In my memory of events I give my new friend a hug and then skip down the cobbled streets. Thinking about it now it strikes me that this may have been one of the couple of times in my life when I was on antidepressants. There are some stalls on a bridge selling what I recall as half-litre plastic glasses of white wine for a single euro. I float around for a bit guzzling my massive drink and listening to the murmury language in which I imagine, possibly incorrectly, that everyone is discussing which ideologies are the most sublime and which absolutes the most fragile. Drifting round a corner I see that there’s a naked young naked woman in the middle of the street having her portrait painted naked by an eager not naked crowd. It’s a wonderful scene. To see all…the people…there’s just a really…nice…civic atmos…totally naked woman.
A hundred metres away there’s a stage with what appears to be a military brass band playing ‘Jump’ by Van Halen. I could repeat that sentence but I’ll leave it up to you, if you do want to read it again there it is. Now, several years later, it strikes me as strange that it didn’t occur to me to move there, grow a beard, start to learn the language and maybe even take up painting. I had no particular commitments in London, having just finished my Master’s, and I was living in one of the three crummiest parts of the city. I wonder what my Lacanian psychotherapist would have said. Probably just nodded and blinked. Who knows, maybe all those nods, blinks and occasional snores were a subtle form of direction to Slovenia, Venice, Mexico and beyond. Probably a good thing, on the whole, that he didn’t tell me where in Ljubljana Slavoj Žižek lives.
* Many thanks to Ben Rozman for Slovakian language translation guidance and consultation services.
This is a lesson about learning languages quickly. The input is mostly in the form of videos, so your students get to develop their listening skills. More importantly, however, it uses five examples of savants – extraordinarily gifted/freakish language learners – in order to encourage your students to think about what they could do to improve their command of English as quickly as possible. Due to the demanding level of the input I wouldn’t attempt it with anything lower than a solid Upper Intermediate group. If you use all the material it should take between 75-90 minutes.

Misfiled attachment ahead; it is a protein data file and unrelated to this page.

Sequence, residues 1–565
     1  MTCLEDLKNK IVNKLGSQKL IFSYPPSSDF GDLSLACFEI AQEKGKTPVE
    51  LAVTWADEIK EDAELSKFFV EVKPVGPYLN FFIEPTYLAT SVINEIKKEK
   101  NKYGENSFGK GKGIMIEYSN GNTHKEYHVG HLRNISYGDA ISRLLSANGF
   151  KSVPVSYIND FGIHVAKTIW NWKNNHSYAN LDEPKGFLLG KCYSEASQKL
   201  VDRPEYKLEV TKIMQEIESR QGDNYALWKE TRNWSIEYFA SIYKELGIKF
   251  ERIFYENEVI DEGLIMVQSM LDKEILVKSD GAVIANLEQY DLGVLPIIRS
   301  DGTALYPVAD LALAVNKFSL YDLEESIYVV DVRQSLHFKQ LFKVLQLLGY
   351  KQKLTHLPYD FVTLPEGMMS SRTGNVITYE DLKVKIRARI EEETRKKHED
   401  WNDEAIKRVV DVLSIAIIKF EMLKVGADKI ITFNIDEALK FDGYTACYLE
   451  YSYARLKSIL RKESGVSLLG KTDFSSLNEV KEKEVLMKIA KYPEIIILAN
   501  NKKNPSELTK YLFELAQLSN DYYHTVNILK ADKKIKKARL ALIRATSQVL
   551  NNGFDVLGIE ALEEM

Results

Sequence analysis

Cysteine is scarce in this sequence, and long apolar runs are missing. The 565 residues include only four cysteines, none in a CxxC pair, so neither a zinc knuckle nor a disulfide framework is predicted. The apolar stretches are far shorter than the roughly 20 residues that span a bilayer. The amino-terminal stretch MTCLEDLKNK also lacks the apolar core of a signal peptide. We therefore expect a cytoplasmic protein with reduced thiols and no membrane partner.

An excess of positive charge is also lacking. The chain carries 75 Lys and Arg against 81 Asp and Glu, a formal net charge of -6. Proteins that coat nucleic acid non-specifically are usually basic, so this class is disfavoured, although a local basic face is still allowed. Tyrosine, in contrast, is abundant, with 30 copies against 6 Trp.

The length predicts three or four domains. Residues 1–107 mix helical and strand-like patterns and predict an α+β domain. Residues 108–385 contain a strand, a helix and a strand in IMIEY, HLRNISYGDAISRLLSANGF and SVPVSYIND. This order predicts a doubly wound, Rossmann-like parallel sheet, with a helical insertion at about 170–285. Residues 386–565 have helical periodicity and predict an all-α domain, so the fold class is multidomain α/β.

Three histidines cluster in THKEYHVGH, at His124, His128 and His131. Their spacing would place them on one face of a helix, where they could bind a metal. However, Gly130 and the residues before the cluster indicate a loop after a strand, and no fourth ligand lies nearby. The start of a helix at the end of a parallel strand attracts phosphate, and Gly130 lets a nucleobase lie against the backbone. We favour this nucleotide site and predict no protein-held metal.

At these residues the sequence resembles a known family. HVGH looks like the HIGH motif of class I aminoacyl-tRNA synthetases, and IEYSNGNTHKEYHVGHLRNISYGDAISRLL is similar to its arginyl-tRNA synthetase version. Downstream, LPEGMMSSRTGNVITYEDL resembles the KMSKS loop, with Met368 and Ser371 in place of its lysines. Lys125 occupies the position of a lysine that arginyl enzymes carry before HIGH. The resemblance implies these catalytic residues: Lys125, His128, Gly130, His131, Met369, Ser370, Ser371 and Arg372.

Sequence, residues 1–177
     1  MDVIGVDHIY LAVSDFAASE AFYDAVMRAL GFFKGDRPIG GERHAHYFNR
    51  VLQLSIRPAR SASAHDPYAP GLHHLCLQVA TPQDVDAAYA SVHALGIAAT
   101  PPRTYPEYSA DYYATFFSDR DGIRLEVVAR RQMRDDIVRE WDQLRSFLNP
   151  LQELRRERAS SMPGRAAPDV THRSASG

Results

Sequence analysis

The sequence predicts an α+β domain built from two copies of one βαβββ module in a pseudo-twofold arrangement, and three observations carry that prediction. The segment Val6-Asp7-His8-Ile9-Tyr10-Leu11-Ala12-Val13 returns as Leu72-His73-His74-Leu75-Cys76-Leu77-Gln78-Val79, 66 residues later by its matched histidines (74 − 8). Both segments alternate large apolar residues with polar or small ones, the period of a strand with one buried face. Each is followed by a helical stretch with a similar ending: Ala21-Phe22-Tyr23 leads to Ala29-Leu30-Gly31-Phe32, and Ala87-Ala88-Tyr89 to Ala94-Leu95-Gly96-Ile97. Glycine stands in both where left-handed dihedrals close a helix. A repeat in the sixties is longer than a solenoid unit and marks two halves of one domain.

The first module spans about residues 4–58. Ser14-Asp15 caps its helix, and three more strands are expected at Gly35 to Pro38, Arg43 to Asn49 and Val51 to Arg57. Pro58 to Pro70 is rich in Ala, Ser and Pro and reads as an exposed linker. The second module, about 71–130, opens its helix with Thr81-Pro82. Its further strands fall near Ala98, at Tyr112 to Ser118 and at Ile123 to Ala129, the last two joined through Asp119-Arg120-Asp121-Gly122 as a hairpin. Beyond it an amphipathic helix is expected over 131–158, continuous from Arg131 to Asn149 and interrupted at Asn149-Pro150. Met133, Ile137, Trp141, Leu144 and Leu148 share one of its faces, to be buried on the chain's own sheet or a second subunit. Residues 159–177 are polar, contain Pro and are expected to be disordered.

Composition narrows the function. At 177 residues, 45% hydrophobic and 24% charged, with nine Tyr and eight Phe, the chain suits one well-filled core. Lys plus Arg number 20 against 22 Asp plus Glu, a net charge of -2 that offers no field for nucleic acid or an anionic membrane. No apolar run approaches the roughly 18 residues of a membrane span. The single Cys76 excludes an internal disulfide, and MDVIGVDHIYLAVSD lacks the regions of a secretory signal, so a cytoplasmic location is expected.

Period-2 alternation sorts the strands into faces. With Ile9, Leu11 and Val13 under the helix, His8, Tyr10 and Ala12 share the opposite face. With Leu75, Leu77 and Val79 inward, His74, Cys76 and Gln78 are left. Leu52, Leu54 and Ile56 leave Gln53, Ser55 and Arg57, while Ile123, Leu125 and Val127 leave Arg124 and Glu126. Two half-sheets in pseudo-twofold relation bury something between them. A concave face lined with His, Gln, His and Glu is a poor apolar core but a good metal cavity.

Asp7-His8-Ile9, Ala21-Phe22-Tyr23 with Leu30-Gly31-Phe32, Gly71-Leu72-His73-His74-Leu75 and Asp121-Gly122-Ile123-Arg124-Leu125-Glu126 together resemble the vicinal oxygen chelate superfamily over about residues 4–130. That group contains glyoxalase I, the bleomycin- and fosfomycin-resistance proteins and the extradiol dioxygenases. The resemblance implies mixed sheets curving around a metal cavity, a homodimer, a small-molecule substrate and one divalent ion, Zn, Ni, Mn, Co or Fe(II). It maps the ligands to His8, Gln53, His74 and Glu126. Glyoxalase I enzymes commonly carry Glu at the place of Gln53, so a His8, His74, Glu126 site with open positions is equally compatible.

- Begin by telling the students you’re going to talk about learning languages -not just English. You want to start by finding out which languages they have a command of or would like to learn.
- Stick up a piece of A4 paper on each of the four walls of the classroom. At the top of one write ‘I’m fluent in’; another ‘I can get by in’, the third ‘I know a few words of’ and the fourth ‘I’d love to learn’. Establish that in this context ‘be fluent in’ means ‘have a full command of’. Students walk round and add their names and languages to each sheet, eg. ‘Davide – French’. Monitor to clarify what the terms mean in case of confusion.
- Have a brief whole class discussion, drawing on what they’ve written: ‘So, Sandra, you can get by in German’, or ‘So, Yuki, you’d like to learn Chinese’, etc.
- Elicit/introduce the word ‘polyglot’. Decide together on the basis of the discussion who in the class could be considered a polyglot. Explain you’re going to watch two short interviews with polyglots. The first one is Alex, from the UK. Their task is to write down which languages he speaks.
- Compare lists. If there is anyone who speaks any of the languages mentioned, ask how well Alex spoke it.
- Then ask them: if a 20-year-old can speak 11 languages, how many could a 16-year-old speak?
- They can then repeat the previous exercise with the second video. (NB: If you prefer, there is also a listening gapfill exercise here.)